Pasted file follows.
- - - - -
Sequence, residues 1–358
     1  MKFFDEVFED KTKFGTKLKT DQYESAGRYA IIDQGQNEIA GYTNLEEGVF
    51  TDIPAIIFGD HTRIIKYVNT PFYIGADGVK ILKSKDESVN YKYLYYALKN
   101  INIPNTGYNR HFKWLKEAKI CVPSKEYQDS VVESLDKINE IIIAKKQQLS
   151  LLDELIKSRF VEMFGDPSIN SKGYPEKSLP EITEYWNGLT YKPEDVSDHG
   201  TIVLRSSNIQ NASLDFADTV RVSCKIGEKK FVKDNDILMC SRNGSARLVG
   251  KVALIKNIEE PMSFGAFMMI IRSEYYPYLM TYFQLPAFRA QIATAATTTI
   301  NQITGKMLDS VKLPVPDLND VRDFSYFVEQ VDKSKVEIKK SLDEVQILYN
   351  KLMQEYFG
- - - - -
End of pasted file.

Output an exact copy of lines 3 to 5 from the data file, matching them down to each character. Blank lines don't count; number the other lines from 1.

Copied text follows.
    51  TDIPAIIFGD HTRIIKYVNT PFYIGADGVK ILKSKDESVN YKYLYYALKN
   101  INIPNTGYNR HFKWLKEAKI CVPSKEYQDS VVESLDKINE IIIAKKQQLS
   151  LLDELIKSRF VEMFGDPSIN SKGYPEKSLP EITEYWNGLT YKPEDVSDHG